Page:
Make your own baby milestone blanket for your monthly baby pictures !
This is a sponsored conversation written by me on behalf of Cricut. The opinions and text are all mine.
I think there’s nothing more exciting than the impending arrival of a new baby.
In just a few days, I will have a new niece born – and I can hardly wait to meet her! She’s been wanted in my sister’s family for many years, and the excitement of her arrival is building with each day.
Get our FREE Cricut for Beginners Course + over 50 free project ideas!
I had my last child almost three-and-a-half years ago, and since then, there have been lots of “baby trends” that have come around during that time.
One of my favorites is a “Baby Milestone” blanket that you can use with monthly baby pictures to track your baby’s growth.
A while back, I shared these monthly baby onesies I made using patterned iron-on…and today, I’m sharing a DIY Baby Milestone blanket.
I decided to make this to give to my sister so she can have something fun and cute to put her little baby on each month. Plus, I am always looking for a good reason to use Cricut patterned iron-on.
I also made a fun little chipboard marker to circle the month for each picture using Cricut’s Damask Chipboard…which is SO fun and pretty.
I was able to use my Knife Blade to cut it out, and I think it’s just the perfect finishing touch for this blanket.
Because this blanket is so large, it took me a little while to figure out a design that I could reasonably cut out. I found lots pretty floral wreaths in Design Space…but they were all one element, and the Cricut can’t *quite* cut out that large of a circle.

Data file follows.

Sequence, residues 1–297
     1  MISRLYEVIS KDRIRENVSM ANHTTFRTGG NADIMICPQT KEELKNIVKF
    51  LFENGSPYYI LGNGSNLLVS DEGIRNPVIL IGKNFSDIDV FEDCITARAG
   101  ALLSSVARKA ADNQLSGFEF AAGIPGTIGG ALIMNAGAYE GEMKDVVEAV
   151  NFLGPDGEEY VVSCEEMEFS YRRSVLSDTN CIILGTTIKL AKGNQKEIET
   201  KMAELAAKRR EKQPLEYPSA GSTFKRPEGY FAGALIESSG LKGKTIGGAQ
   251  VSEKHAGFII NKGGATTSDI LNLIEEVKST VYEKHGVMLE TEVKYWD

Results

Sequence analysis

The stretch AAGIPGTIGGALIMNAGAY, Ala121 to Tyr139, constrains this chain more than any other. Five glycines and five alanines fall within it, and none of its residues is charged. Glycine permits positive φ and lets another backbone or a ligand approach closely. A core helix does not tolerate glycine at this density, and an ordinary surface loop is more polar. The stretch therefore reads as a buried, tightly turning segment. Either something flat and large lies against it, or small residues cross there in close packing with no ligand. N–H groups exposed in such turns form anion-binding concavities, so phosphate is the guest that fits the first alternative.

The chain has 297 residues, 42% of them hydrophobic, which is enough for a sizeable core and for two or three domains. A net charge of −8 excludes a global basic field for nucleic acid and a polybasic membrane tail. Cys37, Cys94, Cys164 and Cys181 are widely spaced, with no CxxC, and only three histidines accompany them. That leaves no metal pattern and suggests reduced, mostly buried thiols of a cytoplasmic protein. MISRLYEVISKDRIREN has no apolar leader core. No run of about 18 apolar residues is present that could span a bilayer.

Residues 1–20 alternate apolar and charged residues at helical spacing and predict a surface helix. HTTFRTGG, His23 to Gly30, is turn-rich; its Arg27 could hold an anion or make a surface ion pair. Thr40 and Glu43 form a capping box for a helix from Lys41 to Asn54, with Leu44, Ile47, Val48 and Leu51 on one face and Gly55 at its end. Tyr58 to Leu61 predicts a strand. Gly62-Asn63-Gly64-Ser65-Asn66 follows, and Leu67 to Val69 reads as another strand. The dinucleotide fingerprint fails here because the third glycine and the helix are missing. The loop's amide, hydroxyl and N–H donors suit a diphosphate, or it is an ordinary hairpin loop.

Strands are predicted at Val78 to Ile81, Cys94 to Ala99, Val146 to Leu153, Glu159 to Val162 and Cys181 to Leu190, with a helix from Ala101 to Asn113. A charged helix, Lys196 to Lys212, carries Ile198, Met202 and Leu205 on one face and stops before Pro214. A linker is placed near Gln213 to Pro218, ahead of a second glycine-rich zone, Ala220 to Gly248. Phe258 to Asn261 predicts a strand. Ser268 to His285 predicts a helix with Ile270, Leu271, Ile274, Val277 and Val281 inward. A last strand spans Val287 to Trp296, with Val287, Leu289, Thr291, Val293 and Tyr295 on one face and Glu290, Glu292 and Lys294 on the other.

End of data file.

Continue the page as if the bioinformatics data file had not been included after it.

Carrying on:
I finally came across some vines, which I was able to size correctly so they fit on one mat, and then I also found a variety of little flowers I could sprinkle throughout it.
I used two different Patterned Iron-on samplers, and although I wouldn’t have initially put them together, I love how they turned out.
I used both my 6×7 EasyPress and my 10×12.
Honestly, I thought I would have liked using my 10×12 for this project more, but it proved to be a little trickier. I used the 6×7 for the numbers, and it worked perfectly. However, with the 10×12, I had a really hard time getting it to stick to the muslin.
I eventually switched back to my 6×7, and I was able to finish up the project pretty quickly.
There were a lot of elements to this project, but once you get them all cut out and put on your blanket, it’s really not that hard to piece together.
I was really happy with how this project turned out. There were a few times I wasn’t sure I’d be able to get it to work out, but it did, and I hope my sister will love it.
- When you pull up this project and press make it, it will divide two vines per 12×24 mat. The patterned iron-on sheets aren’t 12×24, so you will need to trim some pieces a little bit. I used two rolls of the Natalie Malan patterned iron-on, and I just used one full sheet and cut another sheet. I edited the mats and pushed one of the vines a little bit down below the 12″ mark to make it easier to cut.
- Don’t forget to press the “mirror” toggle button.